The Huffington Post ran an article yesterday on the importance of reading. Writer Laura Schocker cited several unconventional reasons; which include stress management, enhancing sleep patterns, and keeping your brain activity level and even sharp, to stave off dementia and Alzheimer’s disease. In an insightful blogpost by The Teacher’s Network, British educators Jo Bowers and Dr Susan Davis recently wrote that teachers in particular should read more children’s books themselves because of two reasons:
1. There is value in helping teachers become reading role models for the pupils they teach, and that developing teachers’ subject knowledge of children’s literature can contribute to a child or young person’s enjoyment of reading.
2. Reading for pleasure can alleviate stress; escaping into the pages of a book at the end of a busy day, can help and support teachers. In order for reading to have wellbeing affects, readers should identify with the characters in a story and form an emotional connection with them. By doing so it is then easier for the reader to use situations in a book, to solve their own problems, and also realise that their problems are not unique to them, nor unsolvable.
Reading is about sharing ideas that revolutionize our thinking; literally and figuratively. Reading thus has the power to reshape individual Self Concept (especially when we read for fun to recharge our batteries) and behavior and collective deeds and actions as a nation. Reading matters because one’s inner landscape, moral compass, and wellbeing can be profoundly and permanently transformed, through the cumulative intake of the written words and teachings of others. Reading is about discovering words that endure, and that are conveyed in a way that touches upon human truths and foibles, teaching timeless lessons for the mind, heart, and soul.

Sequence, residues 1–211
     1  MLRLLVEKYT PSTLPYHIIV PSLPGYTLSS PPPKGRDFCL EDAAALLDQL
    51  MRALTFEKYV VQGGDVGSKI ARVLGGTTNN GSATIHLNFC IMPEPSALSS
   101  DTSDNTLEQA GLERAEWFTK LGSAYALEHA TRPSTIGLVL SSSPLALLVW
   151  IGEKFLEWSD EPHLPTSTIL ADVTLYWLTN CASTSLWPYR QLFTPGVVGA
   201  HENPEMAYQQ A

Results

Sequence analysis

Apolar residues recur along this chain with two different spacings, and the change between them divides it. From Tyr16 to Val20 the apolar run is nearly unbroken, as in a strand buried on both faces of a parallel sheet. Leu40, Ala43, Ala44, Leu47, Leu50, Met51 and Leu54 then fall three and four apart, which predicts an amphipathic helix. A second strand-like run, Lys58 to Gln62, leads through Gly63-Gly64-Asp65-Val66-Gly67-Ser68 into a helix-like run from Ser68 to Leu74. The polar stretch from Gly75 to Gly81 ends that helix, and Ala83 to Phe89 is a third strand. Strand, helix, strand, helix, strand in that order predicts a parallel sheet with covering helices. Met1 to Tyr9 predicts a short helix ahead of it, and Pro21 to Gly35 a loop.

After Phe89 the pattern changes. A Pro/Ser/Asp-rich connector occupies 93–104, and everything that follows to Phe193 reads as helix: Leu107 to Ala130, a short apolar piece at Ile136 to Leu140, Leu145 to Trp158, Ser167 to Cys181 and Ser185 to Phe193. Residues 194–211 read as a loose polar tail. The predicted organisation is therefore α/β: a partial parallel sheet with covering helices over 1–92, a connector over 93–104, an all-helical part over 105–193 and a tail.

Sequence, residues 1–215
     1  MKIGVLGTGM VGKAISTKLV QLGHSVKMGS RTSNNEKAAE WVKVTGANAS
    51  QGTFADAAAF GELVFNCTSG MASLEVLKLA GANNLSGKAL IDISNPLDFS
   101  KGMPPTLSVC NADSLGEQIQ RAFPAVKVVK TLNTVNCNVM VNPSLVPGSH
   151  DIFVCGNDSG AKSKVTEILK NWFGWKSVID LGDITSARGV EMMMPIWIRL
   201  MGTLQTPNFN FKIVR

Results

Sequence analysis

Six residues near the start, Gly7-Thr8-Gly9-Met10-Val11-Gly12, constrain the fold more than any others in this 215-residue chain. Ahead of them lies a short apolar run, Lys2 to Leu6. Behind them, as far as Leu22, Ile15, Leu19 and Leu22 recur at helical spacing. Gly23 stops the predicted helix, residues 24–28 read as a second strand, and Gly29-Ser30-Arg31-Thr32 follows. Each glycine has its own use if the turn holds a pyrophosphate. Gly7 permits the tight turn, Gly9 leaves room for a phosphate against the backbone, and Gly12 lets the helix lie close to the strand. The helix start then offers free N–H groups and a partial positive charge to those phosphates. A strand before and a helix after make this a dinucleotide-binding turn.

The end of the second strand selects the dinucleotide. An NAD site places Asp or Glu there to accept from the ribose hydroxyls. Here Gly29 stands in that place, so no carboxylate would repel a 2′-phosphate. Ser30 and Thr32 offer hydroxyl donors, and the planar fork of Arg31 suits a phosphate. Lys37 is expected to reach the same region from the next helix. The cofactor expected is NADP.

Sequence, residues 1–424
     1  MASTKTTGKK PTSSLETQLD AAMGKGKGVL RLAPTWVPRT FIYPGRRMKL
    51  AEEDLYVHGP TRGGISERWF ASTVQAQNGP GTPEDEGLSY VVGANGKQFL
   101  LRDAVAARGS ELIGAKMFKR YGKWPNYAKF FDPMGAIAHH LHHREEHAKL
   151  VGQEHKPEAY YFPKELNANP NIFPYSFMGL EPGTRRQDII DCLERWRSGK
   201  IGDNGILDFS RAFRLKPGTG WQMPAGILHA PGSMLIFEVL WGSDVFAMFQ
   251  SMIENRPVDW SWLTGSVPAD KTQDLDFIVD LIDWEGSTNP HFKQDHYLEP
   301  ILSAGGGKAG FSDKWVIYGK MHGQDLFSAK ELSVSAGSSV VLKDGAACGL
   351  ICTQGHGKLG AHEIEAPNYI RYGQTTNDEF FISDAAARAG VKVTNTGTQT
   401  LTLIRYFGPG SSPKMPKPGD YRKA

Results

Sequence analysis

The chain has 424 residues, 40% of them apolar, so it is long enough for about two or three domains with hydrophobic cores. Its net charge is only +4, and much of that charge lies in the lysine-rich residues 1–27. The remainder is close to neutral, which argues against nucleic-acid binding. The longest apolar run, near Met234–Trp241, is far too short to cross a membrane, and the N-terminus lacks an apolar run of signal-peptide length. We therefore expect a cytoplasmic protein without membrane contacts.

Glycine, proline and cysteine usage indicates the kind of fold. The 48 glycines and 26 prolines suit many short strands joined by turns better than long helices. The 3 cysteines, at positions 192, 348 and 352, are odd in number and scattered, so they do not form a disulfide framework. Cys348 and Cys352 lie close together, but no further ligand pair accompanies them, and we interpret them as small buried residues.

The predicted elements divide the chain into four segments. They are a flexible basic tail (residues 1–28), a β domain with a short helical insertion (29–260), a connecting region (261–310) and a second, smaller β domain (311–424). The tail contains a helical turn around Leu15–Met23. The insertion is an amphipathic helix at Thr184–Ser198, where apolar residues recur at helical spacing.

That is why it is increasingly disquieting and unnerving for me to read some of the words and ideas people sometimes post on their blogs and social media sites; about current events, educational trends, and especially about themselves. Social media sites are very much about living “in the moment”, where a short shelf life and even more shortsighted ideas can give a whole new meaning to “fifteen minutes in the spotlight”. Books on the other hand, are more lengthy and layered/nuanced, reflecting the buildup towards the writer or protagonist’s “Eureka Moment”. One that results in the climax or conflict resolution in the story. One which is all about bridging the past and future, and connecting all those moments and human interactions in between. Why? For the purpose of character development as well as the provision of a “teachable moment” for the reader.
At the end of the day, Claudio Gandelman’s excellent, cautionary article about the transiency of writings for social media are a timely reminder for entrepreneurs everywhere, trying to balance humanity and technology in an increasingly narcissistic arena. One where social media can showcase our increasing tendency to broadcast ourselves taking our emotional temperature and calling it “shared communication” online. In reality, a person has the noble choice online (and offline) to preserve reflections, musings, and writings that add value to the human condition. Gandelman advises us to make sure to add it ” to the collective stream of knowledge….Put your thoughts in social media sites that actually make content permanent and searchable rather than ephemeral. Publish somewhere your words can matter today and hopefully matter 40,000 years from now.”
Calling all female entrepreneurs and enlightened men who care about the women (soon to be, and already blossomed) in his life: Here’s to devouring more books in the coming months, to set ourselves, and the Sisterhood, free. Here’s to reading for pleasure, and to reading for professional development, in that order. Here’s to getting more in touch with our inner child, and touching more lives of children, one book at a time. Here’s to more reading and reshaping the way future generations of girls can and should be educated, one page at a time.